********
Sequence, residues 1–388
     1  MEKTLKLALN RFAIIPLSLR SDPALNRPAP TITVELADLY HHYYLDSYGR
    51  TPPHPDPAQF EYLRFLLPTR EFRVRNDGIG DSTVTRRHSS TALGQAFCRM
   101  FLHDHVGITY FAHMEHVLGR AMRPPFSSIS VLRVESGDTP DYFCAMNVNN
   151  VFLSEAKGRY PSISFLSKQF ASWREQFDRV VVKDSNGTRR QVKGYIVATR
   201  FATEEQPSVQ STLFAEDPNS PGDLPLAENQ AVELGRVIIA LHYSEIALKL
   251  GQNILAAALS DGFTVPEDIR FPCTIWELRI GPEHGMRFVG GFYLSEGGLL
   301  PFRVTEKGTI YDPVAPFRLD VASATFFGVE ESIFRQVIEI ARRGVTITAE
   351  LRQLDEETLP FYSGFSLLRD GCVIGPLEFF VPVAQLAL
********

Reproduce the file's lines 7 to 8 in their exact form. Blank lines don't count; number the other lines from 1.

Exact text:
   251  GQNILAAALS DGFTVPEDIR FPCTIWELRI GPEHGMRFVG GFYLSEGGLL
   301  PFRVTEKGTI YDPVAPFRLD VASATFFGVE ESIFRQVIEI ARRGVTITAE